By Eva Gregersen
One of the current trends in Jungian typology is “face reading,” that is, the idea that people’s types can be determined by either their physical appearance or their eye movements or facial gestures. At CelebrityTypes, we have been roundly critical of “face reading” (here, here, here, and here). However, we have perhaps left the general reader with an overly negative impression of the merits of face reading.
There is still no evidence at all that “face reading” can be used to determine personality types, so if you dislike the mixture of typology and face reading there is nothing to worry about. However, in the interest of fairness we must state that face reading and physiognomy approaches to psychology are not completely useless, but have been shown to have some merit in three specific areas.
One is that people are seemingly able to predict the sexual orientations of strangers by simply looking at their faces. One line of studies has determined that sexual orientation can statistically be deciphered through facial information but has held itself back from determining exactly which facial features makes a person seem gay in the eyes of the observer. Meanwhile, another study has found that the faces of homosexual men are typically shorter and broader than the faces of heterosexual men (though this study concluded that people are not actually able to predict the sexual orientation of strangers by staring at their faces.)
The other is that people have been shown to be able to accurately predict survival-related traits such as a stranger’s attractiveness (reproductive potential) and aggression level (threat to own survival) based on just 40-100 milliseconds of watching that person’s face. There is also some evidence to suggest that less survival-related traits like intelligence can be detected by face reading, although this evidence is more scant. As the researchers conjecture, since survival and reproduction are the two most basic features of biological existence, it makes good sense that humans are able to garner some basic facts about each other intuitively, without the use of protracted intellectual analysis.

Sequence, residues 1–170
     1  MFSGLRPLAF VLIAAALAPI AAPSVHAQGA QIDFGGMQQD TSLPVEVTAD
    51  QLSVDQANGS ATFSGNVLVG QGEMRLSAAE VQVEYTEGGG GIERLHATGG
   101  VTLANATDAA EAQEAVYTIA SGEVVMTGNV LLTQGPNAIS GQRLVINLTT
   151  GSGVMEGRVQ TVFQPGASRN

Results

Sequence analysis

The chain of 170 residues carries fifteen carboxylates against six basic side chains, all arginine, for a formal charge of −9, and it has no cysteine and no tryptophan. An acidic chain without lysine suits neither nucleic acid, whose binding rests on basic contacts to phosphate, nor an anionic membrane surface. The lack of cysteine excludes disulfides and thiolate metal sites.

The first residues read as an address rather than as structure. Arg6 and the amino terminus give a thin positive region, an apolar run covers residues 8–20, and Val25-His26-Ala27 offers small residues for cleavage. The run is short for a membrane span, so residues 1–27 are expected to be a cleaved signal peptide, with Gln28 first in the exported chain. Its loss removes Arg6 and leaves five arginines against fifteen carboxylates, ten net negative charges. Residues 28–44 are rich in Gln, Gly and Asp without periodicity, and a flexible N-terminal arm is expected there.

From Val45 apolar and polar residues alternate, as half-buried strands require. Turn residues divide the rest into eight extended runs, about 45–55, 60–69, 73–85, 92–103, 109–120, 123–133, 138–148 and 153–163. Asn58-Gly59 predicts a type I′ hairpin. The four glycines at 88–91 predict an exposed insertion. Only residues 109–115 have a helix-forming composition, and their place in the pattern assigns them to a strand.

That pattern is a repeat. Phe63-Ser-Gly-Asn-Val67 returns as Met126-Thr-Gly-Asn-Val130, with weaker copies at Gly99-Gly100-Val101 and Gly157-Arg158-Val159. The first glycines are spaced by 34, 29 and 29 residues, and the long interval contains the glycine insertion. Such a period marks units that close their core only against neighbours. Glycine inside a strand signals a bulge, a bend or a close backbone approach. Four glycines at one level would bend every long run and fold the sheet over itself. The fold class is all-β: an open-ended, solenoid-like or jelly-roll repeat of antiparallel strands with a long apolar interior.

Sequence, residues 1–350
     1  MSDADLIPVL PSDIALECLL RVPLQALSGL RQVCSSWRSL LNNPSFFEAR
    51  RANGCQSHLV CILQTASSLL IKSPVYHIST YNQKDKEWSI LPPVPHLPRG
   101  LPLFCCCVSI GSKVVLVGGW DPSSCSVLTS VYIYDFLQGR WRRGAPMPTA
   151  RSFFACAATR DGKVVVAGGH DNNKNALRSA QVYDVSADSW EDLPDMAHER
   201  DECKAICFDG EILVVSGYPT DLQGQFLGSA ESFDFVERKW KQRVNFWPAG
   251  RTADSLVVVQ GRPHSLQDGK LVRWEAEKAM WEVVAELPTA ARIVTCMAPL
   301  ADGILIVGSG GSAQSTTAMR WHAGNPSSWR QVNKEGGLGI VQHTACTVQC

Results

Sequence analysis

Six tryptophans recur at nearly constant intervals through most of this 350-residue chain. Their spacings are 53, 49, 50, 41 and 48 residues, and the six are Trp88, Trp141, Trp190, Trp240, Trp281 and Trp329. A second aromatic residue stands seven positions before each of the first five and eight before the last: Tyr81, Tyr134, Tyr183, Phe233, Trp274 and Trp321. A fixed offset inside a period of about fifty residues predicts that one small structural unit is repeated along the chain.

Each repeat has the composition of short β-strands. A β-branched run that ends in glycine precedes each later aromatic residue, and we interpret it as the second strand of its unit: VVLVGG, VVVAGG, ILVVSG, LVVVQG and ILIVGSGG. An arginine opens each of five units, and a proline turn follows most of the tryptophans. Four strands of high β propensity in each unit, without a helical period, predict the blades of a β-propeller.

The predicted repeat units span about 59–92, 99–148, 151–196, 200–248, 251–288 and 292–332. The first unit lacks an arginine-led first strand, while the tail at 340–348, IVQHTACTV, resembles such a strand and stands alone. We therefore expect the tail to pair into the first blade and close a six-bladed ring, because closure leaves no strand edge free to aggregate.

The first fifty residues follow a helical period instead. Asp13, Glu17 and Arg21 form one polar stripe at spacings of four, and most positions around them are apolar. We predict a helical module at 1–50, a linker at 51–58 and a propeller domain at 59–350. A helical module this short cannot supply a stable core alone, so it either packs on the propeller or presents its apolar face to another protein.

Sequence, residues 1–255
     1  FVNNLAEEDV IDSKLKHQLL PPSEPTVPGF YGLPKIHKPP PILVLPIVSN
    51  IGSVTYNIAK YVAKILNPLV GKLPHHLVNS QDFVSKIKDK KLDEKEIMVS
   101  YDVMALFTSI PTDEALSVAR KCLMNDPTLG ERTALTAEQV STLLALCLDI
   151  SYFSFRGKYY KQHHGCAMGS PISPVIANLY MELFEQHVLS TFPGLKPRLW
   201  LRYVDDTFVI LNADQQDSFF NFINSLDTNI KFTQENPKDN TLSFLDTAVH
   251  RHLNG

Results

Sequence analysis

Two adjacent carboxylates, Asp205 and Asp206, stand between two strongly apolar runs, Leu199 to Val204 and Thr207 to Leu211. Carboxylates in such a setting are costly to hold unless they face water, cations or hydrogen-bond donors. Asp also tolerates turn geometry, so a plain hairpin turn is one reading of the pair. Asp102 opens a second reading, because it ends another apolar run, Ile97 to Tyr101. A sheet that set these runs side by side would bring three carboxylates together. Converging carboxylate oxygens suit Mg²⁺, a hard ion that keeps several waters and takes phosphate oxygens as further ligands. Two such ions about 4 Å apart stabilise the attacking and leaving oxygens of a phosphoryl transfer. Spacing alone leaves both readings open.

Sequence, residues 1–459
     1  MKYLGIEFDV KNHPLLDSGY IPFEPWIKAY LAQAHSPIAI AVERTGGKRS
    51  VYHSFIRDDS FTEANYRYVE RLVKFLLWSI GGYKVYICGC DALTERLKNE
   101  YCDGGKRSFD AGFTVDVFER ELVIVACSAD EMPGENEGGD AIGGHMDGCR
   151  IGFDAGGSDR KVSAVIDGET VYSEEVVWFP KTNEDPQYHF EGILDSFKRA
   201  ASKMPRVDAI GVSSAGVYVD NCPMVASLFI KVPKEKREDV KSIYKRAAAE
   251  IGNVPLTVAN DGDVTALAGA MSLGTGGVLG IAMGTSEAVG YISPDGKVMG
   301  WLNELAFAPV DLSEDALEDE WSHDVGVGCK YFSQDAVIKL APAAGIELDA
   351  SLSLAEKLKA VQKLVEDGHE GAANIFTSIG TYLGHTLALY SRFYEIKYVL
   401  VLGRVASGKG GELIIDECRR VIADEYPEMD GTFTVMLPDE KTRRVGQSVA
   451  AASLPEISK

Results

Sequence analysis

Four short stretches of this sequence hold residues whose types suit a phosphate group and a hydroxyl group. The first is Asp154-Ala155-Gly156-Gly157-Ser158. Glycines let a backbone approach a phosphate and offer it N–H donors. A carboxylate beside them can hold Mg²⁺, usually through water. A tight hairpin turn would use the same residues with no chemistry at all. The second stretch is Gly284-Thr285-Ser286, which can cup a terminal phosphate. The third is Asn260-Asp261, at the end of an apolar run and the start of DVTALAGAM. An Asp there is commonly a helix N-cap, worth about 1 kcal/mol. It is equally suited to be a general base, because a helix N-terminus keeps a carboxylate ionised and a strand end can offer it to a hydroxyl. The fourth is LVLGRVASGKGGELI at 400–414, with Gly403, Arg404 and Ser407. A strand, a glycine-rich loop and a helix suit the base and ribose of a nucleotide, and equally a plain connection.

Third we find that people are able to tell a stranger’s political orientation by simply looking at a photo of that person’s face. The rational explanation for this ability, as proposed by the scientists John R. Hibbing, Kevin B. Smith, and John R. Alford, among others, seems to be that a person’s typical level of emotional expression is on average discernible even from static photos of that person’s face. On average, people who are more emotionally expressive at their base are also more prone to be left-wingers. And conversely, people who are emotionally inexpressive are – statistically speaking – more likely to be right-wingers. Thus the reason that people are able to predict the political orientation of strangers by “face reading” seems to be that left-wingers are statistically more prone to be smiling and appear relaxed in their photos (e.g. Alan Alda) while right-wingers will typically have less of a smile and more of frown (e.g. Clint Eastwood).
So it would seem that “face reading” is not completely useless. However, even when factoring in this evidence, we are still a far cry from the way “face reading” is usually meshed with Jungian typology.
As I have taken care to point out, all of these studies rely on statistical averages rather than one-to-one assessments of the sexual or political orientation of specific individuals. The evidence only supports what the scientists call “chance guessing with above chance accuracy.” But the way “face reading” is used in conjunction with Jungian typology, a 1:1 connection between a single person’s facial movements and that specific person’s type is usually postulated. However, there is no evidence to suggest that face reading works well when applied in depth as opposed to superficially. Beyond giving a certain quick hunch where the accuracy is better than random, face reading appears to be useless.